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Mother Nature vs. Capitalism

I was recently reading a transcript of a speech that theologian Sallie McFague gave on religion and ecology. In the speech McFague works her usual metaphor magic, discussing how language drives thought, and thought drives actions. Specifically, she called for a reimaging of the Christian worldview, from one in which the world is seen as a thing, a machine in which humans live, to one in which the world and the humans therein are seen as shared parts of a holistic body of God. This view – “that the world is from the beginning loved by God and is a reflection of the divine” – would forefront the inherent value of the environment and the religious importance of its conservation.

Interestingly, McFague claims that this reimaging is not new, but instead a return to a traditional worldview, held by Christians and non-Christians alike. The concept of earth as machine, she claims, “is an anomaly in human history, for until the scientific revolution of the seventeenth century, the earth was assumed to be alive, even as we are.” McFague is not calling for a return to pre-scientific thinking, in which we must appease tree spirits and illnesses are caused by foul humours (although the current use of medicinal leeches is totally cool), but rather a recognition that all of creation is equally part of God.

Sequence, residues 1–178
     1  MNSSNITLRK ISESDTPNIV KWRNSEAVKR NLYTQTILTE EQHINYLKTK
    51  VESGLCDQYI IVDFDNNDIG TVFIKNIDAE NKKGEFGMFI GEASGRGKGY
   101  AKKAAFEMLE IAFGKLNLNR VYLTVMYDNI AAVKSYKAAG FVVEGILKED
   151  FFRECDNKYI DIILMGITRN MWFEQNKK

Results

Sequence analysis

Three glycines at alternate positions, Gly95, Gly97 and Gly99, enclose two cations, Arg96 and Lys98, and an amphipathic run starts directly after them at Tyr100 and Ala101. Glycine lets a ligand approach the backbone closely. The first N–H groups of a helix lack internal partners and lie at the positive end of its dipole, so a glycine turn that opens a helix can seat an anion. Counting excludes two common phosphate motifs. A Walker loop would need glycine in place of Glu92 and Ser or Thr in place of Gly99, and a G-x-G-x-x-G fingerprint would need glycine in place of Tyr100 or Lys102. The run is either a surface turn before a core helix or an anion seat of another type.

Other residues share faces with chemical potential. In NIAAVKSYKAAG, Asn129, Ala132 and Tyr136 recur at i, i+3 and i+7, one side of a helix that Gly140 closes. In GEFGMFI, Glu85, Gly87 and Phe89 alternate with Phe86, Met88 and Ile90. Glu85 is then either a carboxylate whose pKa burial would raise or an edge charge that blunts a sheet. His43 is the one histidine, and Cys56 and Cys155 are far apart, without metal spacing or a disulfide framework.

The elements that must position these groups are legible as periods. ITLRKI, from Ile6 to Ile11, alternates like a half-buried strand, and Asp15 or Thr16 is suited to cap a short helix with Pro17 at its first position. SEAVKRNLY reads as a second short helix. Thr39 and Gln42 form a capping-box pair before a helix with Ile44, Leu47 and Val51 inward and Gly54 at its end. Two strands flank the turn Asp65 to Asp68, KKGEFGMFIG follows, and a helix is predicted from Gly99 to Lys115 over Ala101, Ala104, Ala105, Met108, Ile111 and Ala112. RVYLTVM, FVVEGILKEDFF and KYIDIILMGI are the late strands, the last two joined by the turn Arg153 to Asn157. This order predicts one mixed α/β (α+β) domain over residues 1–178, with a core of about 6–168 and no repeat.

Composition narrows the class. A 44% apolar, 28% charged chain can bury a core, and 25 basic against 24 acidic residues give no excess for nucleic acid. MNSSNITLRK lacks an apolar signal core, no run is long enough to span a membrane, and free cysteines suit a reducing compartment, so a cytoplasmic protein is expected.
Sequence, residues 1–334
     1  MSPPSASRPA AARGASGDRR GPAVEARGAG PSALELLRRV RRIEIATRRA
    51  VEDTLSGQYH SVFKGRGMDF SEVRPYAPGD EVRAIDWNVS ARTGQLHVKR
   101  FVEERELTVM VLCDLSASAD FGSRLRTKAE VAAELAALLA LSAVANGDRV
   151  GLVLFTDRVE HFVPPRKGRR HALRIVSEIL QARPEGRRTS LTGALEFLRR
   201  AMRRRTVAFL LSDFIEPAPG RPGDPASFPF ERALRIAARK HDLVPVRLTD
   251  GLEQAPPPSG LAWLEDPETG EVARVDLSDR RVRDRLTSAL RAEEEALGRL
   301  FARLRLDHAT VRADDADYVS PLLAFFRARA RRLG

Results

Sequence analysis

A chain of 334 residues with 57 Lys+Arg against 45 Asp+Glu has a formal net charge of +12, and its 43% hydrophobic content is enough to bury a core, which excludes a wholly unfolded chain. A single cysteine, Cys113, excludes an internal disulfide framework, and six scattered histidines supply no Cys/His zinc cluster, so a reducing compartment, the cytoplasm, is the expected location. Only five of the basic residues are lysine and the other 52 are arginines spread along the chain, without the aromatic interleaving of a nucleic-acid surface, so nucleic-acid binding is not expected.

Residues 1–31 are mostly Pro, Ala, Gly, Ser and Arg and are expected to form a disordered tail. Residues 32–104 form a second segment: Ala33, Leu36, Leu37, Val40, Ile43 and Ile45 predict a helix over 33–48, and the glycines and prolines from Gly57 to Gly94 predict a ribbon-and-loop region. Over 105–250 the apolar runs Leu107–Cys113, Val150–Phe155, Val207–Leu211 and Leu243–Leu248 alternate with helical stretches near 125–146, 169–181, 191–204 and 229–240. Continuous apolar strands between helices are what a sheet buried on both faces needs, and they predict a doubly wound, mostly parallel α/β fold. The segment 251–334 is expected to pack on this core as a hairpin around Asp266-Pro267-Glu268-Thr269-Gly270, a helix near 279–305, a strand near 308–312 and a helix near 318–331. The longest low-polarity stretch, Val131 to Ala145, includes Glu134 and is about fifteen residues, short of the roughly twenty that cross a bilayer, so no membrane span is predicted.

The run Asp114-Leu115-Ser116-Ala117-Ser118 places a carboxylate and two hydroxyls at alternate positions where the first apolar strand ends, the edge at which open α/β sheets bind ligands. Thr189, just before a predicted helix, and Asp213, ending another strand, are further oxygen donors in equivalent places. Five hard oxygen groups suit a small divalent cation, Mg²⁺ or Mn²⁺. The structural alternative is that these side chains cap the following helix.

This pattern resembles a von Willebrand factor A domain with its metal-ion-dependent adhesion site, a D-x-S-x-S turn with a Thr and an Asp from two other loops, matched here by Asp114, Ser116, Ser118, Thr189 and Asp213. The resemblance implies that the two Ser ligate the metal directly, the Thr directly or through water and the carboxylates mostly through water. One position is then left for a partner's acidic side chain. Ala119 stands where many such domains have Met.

For McFague, the culprit is less the scientific revolution than the drive toward individualist consumption that the market economy has engendered. Consumption of goods is linked to consumption of the earth’s resources.

“From the time of Aristotle to the eighteenth century, economics was considered a subdivision of ethics; the good life was understood to be based on such values s the common good, justice, and limits. Having substituted the insatiable greed of market capitalism in place of these values, we are now without the means to make the qualitative shift in thinking that is required.”

While I would not be inclined to say “insatiable greed,” there is no question that a market economy is inherently consumptive and that it drives people to focus on the individual rather than the common good. McFague would have us work within the current system, but temper its impact on our behavior by changing how we think and speak about the world.

To McFague’s argument from metaphor I would only add that it’s not nice to fool mother nature.